With the future of the North Sea oil sector looking unsettled, company closures are likely to have a knock-on effect on other companies in the region. Cost saving initiatives, such as joint ventures and the sharing of ’best practices' are being mooted as alternatives to mass redundancy. The UK oil and gas sector continues to hold great significance for the industry, and extracting its potential relies on a proactive approach to changing and challenging market conditions.
After a long, hard summer it looks like we could be in for a winter of discontent. In the last week we’ve had a report from the Oil and Gas Authority showing that 5500 front line jobs with a further 30,000 from the supply chain have gone from the UK sector since 2014, news that a leading British offshore oil platform builder might be frozen out of the shortlist for a major contract in the North Sea and threats of strike action.
The head of OGA Andy Samuel who is charge of reviving the sector said unless companies work together to become more efficient there is a “serious and urgent risk” of the North Sea oil sector being abandoned. Samuel talked of a “domino effect”, where one company shuts up in an area of the North Sea, forcing other companies in the region to close as well because of an inability to meet the higher cost of maintaining infrastructure. It’s refreshing to note that Samuels’ Call to Action report focuses companies’ minds on considering alternatives to redundancies and ensure that capability is retained for the future.
Experts are clear that current behaviour must change. The UK Government has introduced a suite of tax breaks but urges companies to develop a joined up approach. Wood Mackenzie’s Eric Moffat told the Financial Times, “Companies could benefit for example by sharing joint contracts for supply vessels, or by sharing data on where they are and are not finding oil. But that isn’t something we’re seeing at the moment.”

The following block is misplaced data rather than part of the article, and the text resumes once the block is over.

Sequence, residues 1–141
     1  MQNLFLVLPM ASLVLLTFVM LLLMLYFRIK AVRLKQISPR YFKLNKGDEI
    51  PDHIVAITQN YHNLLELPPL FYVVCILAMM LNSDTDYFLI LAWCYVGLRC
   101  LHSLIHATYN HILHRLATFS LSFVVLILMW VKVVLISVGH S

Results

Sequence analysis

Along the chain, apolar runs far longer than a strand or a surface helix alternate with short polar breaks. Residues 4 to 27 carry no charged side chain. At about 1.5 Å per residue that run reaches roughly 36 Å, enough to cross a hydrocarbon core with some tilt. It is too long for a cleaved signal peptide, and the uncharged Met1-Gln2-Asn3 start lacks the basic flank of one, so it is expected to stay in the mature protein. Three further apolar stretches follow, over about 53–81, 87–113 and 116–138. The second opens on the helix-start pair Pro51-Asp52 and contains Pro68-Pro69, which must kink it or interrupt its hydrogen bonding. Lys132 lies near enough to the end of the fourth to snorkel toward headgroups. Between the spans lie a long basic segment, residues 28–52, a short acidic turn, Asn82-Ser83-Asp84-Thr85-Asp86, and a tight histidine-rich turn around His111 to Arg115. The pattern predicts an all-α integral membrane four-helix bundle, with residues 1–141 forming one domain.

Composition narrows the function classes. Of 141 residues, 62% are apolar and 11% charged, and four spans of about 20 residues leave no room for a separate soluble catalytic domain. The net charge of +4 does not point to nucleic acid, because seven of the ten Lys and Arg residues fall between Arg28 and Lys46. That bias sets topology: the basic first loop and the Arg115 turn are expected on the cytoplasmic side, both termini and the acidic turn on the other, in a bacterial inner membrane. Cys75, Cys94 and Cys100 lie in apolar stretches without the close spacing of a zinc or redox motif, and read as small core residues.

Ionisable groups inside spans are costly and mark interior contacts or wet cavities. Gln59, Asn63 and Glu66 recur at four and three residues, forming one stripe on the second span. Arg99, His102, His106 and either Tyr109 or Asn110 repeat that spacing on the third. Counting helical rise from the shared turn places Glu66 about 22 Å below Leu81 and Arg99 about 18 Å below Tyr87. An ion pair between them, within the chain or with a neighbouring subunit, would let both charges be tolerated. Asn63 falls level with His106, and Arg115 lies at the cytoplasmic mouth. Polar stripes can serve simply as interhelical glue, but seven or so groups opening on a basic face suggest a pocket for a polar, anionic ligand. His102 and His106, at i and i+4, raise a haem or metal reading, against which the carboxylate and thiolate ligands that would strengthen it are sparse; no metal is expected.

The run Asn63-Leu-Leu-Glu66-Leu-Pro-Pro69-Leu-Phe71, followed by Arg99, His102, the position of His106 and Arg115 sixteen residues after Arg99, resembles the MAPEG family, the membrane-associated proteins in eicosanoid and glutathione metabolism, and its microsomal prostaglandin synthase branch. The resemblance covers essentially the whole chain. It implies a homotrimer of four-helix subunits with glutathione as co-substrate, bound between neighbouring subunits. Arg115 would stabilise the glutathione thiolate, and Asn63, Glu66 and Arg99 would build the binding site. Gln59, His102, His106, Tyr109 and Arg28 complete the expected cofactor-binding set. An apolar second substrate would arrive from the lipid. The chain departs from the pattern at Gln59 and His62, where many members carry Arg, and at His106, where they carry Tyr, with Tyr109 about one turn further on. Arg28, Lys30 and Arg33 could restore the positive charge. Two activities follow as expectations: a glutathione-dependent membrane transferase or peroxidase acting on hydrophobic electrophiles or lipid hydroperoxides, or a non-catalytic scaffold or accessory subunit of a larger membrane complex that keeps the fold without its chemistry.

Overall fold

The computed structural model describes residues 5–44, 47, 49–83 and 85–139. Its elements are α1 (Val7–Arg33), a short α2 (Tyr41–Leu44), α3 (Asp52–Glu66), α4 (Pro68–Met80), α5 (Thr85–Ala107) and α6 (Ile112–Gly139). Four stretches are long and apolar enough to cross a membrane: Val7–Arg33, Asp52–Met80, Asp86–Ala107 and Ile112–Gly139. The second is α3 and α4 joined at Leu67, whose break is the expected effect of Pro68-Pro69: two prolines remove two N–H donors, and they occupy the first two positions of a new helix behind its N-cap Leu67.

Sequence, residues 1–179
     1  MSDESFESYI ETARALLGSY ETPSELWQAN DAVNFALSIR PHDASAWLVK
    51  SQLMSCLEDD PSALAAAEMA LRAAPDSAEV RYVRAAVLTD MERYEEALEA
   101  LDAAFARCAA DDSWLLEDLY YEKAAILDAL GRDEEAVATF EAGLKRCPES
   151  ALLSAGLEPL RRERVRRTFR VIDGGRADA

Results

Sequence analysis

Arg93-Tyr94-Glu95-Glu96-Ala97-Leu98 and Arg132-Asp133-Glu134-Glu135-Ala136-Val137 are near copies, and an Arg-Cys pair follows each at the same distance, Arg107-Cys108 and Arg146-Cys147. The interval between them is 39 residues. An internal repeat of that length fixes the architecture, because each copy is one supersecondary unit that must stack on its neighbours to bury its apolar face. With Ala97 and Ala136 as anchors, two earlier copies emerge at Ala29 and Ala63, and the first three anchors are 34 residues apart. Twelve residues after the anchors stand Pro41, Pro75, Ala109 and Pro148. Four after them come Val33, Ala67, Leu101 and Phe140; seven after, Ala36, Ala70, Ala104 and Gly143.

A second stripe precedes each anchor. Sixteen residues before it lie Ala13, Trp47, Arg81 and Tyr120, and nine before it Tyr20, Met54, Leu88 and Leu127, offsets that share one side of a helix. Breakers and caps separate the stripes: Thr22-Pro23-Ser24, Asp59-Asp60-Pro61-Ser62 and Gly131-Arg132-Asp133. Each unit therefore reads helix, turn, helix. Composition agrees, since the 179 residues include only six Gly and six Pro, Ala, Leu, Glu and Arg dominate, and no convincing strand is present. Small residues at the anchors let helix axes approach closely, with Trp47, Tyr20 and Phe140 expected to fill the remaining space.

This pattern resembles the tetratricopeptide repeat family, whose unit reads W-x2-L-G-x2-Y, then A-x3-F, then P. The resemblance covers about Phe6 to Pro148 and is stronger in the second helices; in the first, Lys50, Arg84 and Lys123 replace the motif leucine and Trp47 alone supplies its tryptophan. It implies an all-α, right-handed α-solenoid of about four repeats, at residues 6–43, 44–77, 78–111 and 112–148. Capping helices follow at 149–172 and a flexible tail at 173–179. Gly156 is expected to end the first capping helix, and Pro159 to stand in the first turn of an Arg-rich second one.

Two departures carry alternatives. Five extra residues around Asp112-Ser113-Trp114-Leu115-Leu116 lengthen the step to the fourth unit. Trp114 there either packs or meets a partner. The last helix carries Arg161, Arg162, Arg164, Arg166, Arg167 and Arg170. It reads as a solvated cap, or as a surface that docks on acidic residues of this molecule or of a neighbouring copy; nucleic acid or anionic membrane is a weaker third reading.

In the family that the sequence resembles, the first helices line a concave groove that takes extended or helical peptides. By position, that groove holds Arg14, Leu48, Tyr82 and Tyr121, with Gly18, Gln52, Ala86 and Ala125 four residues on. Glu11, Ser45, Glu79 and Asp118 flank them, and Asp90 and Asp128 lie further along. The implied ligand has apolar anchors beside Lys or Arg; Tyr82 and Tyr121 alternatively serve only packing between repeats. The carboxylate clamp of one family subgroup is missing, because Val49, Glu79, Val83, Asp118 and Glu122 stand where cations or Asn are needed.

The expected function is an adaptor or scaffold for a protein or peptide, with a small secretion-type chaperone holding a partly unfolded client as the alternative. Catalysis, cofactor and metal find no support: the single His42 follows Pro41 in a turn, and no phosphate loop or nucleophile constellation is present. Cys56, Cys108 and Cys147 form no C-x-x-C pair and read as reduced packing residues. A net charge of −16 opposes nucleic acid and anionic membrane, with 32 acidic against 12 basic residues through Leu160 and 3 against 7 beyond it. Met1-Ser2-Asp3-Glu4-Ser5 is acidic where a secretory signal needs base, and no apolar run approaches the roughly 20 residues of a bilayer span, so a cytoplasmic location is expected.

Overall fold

Oil & Gas UK’s outlook going forward is pessimistic, sang it was clear further jobs are at risk. Chief Executive Deirdre Mitchell said, “This great industry of ours is facing very challenging times. Last year more was spent than earned from production. This is not sustainable and investors are hard pressed to commit investment here because of cash constraints.”
She predicts that with exploration falling to its lowest levels since the 1970s, capital investment – which currently stands at £14.8bn (2014) – will fall by up to £4bn in each of the next three years.
With cuts everywhere you look, there was considerable anticipation about Chevron’s investment in the Culzean project but that has turned sour for the Tyneside platform builders OGN who had hoped to be in with a solid chance to win the contract. The OGN chairman has now warned up to 3.000 more jobs are at risk across not only the firm Wallsend yard but also the wider supply chain. “We run out of work in October,” said Denis Clark, “and yet we have been excluded from the final bidding for the Chevron work, despite having recently completed a recent project on time for Chevron’s Alder project.”
It is a double blow to the company to lose out on a UK contract as it also failed to get the nod for the Maersk Oil Culzean installation and as a result made 200 people redundant. The deal in the end went to companies in Singapore and the Netherlands. The Captain development is thought to be going towards companies based in the Netherlands, Spain or Italy. It is thought to be worth around £200m and could guarantee work for as many as 2000 people.
It’s not only companies being asked to work differently. There are negotiations ongoing between the Offshore Contractors Association and Unite over plans to change the current working pattern on offshore rigs from two weeks on, two off to a three on, three off pattern. An initial offer cuts costs and freezes pay and holiday levels but increases holiday pay, double standby pay and increases sick pay. GMB members accepted it but the larger of the two unions Unite rejected it and the possibility of a strike looms. OCA argue the deal is fair but Unite say members who rejected it two to one in the vote said they had concerns over the impact on workplace health and safety, and quality of life.
No-one is immune to what is going on in the industry right now. It’s been said that the greatest danger in times of turbulence is not the turbulence; it is to act with yesterday’s logic. The OGA thinks there are up to 23 billion barrels of oil and gas underneath the North Sea. If industry doesn’t evolve, it might just stay there.